Perched beside the river Seine, in the shadow of the Eiffel Tower, Paris’ Trocadéro gardens are no stranger to crowds.
Usually a favorite for tourists, while the Tokyo Olympic Games were in full swing, the gardens attracted new visitors: sports fans. Every day, Parisians and tourists alike gathered there to watch their compatriots compete on a giant screen.
The pinnacle of the party came on August 8, when Anne Hidalgo, mayor of the French capital, received the Olympic flag during the closing ceremony in Tokyo, as Paris readied itself to host the next games in 2024.
The “City of Lights” went all in to celebrate the moment: French astronaut Thomas Pesquet played Le Marseilles, the French national anthem, with his saxophone in the International Space Station and France’s elite Patrouille de France air display team flew over the Trocadéro gardens, making the French flag with their smoke trails.
“This ceremony will be a foretaste of Paris 2024,” said Tony Estanguet, president of the 2024 Paris Olympics organizing committee. “It’s the DNA of Paris 2024 that will be expressed.”
For its third Summer Olympics, exactly 100 years after it last hosted the sporting spectacle, the French capital has ambitious plans.
Preparations for the 2024 Games are well underway and despite the pandemic’s challenges, there are no major construction delays, according to Estanguet.
Three years out, the Paris team is keeping their hopes that the pandemic, which severely impacted the Tokyo Olympics, will be behind them in 2024.
“Of course, we are learning a lot as we have done here in Tokyo about adapting to the challenges of a pandemic,” said Agathe Renoux, spokesperson for Paris 2024. “We are ready to adapt and we are keeping our focus on our exciting Games.”
Mathieu Hanotin, mayor of the Parisian suburb of Saint Denis that will host the centerpiece of Olympics infrastructure – the athletes’ village – shared in the optimism.
Hanotin told CNN that with spectators banned from this year’s Games due to Covid-19, the “celebration was inevitably hidden,” but by 2024, “we will be able to breathe.”
“What’s certain is that we will do a lot of work to bring back the experience,” added Hanotin.
The Green Games
For the French capital, Estanguet says the Games’ two key themes are “green” and “participation” – Paris 2024 will be the first Olympics to be aligned with the climate agreement signed in the city in 2015.
The Paris 2024 organizing committee has promised a 55% decrease of its carbon footprint compared to the 3.5-million-ton average set by previous Olympics.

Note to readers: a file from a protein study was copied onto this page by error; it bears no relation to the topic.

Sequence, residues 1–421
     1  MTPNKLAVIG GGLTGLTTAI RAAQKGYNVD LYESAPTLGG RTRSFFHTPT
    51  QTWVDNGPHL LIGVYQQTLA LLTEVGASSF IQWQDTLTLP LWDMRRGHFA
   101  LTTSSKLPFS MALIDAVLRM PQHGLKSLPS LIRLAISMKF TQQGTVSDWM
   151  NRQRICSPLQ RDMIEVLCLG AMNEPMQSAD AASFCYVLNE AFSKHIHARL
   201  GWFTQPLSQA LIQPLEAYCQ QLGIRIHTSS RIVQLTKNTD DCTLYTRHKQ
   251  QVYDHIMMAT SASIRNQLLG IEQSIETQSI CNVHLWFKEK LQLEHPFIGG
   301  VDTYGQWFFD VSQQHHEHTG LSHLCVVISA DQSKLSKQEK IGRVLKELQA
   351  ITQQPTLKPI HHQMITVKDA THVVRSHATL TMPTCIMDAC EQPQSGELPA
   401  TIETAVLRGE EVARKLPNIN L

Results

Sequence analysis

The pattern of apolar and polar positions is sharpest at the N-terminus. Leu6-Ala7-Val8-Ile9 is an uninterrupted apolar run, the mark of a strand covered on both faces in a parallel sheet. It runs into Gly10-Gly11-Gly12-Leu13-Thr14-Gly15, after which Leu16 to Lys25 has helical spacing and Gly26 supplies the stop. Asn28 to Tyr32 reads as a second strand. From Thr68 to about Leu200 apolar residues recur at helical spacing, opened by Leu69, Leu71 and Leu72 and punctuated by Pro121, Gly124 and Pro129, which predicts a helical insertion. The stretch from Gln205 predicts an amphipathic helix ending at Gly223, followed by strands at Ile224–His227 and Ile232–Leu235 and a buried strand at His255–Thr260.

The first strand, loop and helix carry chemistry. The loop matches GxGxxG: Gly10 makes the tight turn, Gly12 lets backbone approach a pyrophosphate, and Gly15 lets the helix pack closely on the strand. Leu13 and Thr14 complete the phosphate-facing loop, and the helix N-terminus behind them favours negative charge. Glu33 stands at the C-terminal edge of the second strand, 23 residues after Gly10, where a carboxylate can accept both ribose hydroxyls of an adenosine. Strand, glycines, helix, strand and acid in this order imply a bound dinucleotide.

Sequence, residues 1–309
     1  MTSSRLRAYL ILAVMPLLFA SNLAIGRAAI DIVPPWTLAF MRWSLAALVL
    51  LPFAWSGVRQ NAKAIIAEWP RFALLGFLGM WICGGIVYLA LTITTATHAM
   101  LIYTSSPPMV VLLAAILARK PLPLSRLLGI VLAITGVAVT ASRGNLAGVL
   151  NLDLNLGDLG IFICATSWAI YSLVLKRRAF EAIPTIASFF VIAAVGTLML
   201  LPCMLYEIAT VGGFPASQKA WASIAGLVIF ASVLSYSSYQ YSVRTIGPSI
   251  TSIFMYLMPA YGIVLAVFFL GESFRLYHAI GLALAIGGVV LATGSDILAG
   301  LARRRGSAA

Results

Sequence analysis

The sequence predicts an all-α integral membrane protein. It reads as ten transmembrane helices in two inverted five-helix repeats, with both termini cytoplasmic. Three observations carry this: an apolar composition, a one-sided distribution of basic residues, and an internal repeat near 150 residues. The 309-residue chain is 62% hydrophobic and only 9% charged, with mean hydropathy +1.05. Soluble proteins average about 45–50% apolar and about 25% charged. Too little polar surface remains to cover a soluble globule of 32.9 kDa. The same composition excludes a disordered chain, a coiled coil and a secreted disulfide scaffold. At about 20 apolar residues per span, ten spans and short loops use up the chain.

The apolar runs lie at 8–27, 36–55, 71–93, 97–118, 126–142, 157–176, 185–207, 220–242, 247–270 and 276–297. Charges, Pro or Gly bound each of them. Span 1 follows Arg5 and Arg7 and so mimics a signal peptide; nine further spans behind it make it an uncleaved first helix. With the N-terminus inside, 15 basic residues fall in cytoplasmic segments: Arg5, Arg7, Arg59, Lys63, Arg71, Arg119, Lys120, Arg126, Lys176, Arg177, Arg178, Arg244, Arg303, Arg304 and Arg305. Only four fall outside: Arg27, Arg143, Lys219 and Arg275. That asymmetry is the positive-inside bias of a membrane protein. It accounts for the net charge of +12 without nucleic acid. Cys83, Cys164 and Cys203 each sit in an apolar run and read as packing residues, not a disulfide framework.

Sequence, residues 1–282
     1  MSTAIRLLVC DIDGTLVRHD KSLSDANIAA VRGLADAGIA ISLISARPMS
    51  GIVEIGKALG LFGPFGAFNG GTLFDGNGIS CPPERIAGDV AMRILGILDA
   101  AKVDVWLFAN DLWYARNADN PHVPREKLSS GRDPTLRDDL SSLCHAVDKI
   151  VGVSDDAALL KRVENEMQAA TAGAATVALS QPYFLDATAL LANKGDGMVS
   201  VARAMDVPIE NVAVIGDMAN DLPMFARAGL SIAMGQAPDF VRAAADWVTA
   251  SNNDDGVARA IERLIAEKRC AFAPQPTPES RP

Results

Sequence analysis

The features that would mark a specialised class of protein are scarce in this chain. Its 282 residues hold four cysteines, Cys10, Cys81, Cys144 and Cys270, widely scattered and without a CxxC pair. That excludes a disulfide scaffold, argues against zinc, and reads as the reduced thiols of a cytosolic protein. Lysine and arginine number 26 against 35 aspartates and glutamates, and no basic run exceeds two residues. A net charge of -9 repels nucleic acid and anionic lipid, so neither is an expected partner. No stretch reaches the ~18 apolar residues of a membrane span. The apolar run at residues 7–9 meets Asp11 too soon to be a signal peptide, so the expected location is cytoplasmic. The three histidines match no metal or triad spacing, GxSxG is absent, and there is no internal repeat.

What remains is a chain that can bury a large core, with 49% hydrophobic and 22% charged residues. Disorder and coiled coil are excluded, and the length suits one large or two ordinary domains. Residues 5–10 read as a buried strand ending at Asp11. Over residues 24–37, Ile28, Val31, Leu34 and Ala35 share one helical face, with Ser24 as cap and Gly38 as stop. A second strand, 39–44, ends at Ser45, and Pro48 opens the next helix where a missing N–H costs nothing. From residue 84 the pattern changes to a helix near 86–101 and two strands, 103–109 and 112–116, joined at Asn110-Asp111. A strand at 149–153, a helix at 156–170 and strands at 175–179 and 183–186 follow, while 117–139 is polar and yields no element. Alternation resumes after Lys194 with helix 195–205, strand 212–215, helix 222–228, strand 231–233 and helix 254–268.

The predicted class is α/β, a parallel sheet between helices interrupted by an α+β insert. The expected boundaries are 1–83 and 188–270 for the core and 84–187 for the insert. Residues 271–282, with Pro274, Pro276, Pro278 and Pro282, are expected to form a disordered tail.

The first step towards achieving this goal is by cutting down construction – 75% of Paris 2024’s facilities pre-date the Games and 20% will be temporary. That means only 5% of facilities – the Olympic Village and the Olympic Aquatics Center – will be permanent new buildings, 10 times less than previous Games.
“If there is no need, we won’t build it,” said Estanguet. “We will do with a temporary one.”
Following in London 2012’s footsteps, beach volleyball will take place in a temporary stadium built in the city center, on the famous Champs de Mars, with the Eiffel Tower as the backdrop.
Roughly one kilometer to the east, the vast lawn in front of Les Invalides will host the archery and the Palace of Versailles’ sumptuous gardens will welcome the equestrian events.
Plans for the opening ceremony – unusually set to take place in the center of Paris – remain under wraps but organizer Estanguet underlined the desire to “connect the population” with the Games.
The Games’ ‘beating heart’
For 2024, Paris decided to set its Olympic Village, athletics arena and new aquatics center in Saint Denis – a suburb to the city’s immediate north – a district where the Stade de France was built to host the 1998 World Cup.
Saint Denis has had its fair share of economic and social problems. The intention is for the area to become “the beating heart of the Olympic Games” and regain its pride, said Hanotin.
With around one billion euros ($1.18 billion) of Olympics-related investment planned there, the Games hold the promise of much-needed infrastructure development across Paris, including new metro and road links.
Moreover, it also gives the people of Saint Denis a hard deadline for when they must be finished: 2024.
“It will allow us to accomplish, in several years, what will usually take 15 or 20 years to finish,” Hanotin said.
An Olympic cost?
Nevertheless, the construction sprint has sparked local concerns that projects are underway without sufficient public consideration or consultation.
A new interchange on the A86, Paris’ outer ring road, will bring up to 20,000 cars of traffic through the center of the community of Le Pleyel (population 13,000) according to official estimates and through a major school district.
Some locals are concerned about the long-term effects this increased air and noise pollution might have on children in the area – and they’re not alone.
The government’s own environmental assessment, published in 2019, stated that the plan will increase pollution “particularly around the Pleyel intersection” where the schools are located and “could significantly affect the local population.”
But locals say the state hasn’t acted on that.
To date, more than 13,000 people have signed an online petition to modify the project. Activist groups have also filed an administrative lawsuit against the project, which was delivered to the Council of State – the country’s highest administrative court – at the end of 2020 and is currently awaiting a decision.
“What was promised is environmental excellency in what’s used to build the Olympic Village” said Gintrac. “But for us, the environment is where we live, the air we breathe and the noise we hear.”